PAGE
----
Two bands were run in excess of an hour. Both bands had young foals. The lead stallion of one band made a daring escape, circled his trapped family and was seen again later in the day as the helicopter brought in a different band..
We will update a video of his heartbreaking escape as he lost his entire family as fast as we can edit.
Day ended early due to win. Trap expected to move tomorrow.
Day 3 of capture, August 4: 82 (33 Studs, 33 Mares, and 16 Foals) captured.
BLM continued to run wild horses so that foals can not keep up with their bands. At least two foals were separated from their families yesterday as one was roped and the other had to be transported by helicopter.
A 2 week old baby was killed and an 8 yea old suffered a fatal injury but BLM will give us no info on the injury and we can not see trap well.
Trap has been set using old livestock capture(?) pens. The barbed wire in the area is disturbing.
Observers are still being kept about a mile from trap. BLM claims that temp at trap did not exceed 86 degrees. The reading at the observation location was 92.
We are expecting to be at the same location tomorrow.
So far this operation has not allowed meaningful observation of handling of wild horses by BLM staff and contractors.
Day 2 of capture, August 3: 96 (33 Studs, 42 Mares, and 21 Foals)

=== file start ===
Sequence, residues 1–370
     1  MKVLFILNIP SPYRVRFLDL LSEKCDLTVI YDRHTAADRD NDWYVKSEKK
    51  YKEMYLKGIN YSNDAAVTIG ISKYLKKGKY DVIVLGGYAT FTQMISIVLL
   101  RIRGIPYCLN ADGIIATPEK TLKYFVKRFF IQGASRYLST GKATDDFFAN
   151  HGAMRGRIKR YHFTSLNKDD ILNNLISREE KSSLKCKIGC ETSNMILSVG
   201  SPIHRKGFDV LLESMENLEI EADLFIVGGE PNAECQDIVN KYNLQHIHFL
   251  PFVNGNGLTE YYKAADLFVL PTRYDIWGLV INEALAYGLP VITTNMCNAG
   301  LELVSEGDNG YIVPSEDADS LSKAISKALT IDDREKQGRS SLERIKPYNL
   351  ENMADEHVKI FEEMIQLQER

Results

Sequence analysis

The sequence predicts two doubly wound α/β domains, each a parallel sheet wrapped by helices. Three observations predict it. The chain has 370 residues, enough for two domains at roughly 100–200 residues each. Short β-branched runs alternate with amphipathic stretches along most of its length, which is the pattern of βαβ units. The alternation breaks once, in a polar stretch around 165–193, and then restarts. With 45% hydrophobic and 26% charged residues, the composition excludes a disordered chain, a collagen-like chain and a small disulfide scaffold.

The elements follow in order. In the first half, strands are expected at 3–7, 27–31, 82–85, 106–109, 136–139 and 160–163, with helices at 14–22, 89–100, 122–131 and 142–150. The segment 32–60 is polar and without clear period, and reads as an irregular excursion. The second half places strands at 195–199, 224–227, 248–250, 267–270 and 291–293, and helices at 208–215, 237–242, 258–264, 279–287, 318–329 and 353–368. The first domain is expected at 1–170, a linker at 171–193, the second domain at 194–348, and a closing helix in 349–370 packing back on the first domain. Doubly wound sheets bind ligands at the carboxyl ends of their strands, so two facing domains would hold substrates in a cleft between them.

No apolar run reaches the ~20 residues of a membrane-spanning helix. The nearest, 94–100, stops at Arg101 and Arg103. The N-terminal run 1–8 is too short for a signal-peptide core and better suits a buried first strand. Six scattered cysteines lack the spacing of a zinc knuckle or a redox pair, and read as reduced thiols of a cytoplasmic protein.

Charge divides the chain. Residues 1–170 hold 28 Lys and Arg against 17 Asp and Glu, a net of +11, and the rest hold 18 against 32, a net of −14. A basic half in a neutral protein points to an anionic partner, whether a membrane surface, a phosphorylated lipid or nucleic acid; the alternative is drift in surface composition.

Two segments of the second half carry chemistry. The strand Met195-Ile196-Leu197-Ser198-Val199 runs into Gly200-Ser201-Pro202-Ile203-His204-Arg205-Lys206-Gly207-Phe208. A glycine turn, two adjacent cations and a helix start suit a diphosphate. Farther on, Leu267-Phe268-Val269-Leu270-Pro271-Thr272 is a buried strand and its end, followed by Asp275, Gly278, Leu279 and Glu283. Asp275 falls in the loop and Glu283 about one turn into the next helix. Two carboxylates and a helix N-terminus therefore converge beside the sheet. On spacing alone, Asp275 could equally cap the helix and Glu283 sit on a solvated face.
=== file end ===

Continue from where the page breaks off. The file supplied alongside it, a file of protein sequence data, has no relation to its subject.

Trap location moved from day 1. We know of 3 babies that were roped. Observers over a mile from trap. Trap will move again tomorrow.
After waiting hours with no visibility to observe any processing at temporary holding, observers were given a “walk around” only after all activity ended. We can not report to you on actual handling at holding.
We were told two foals are already in foster care. We do not know the reason for foster care: age, injury, orphan?
Day 1 of capture operation, August 2:
The two above escaped capture on the first day of the Antelope Complex Roundup.
About 12 wild horses were captured. Observers were a bit over 1 mile from trap. Observers to temporary holding to view captured wild horses after BLM said the location was “too far away to go every day.” Our observer was told “we will not go to holding every day.” Only 12 were captured and would not be shipped. Observers should see them tomorrow.
BLM did not give observers a breakdown of age and sex of captive horses onsite. We will update the daily total when we find out the information.
The young cremello colt that was captured alone after being separated from his family (apparently) already has an adopter according to onsite personnel.
Our representative is back onsite today.
We need your help to stay in the fight. Please considering supporting our efforts to protect wild horses and burros. Thank you.
Categories: Wild Horse Education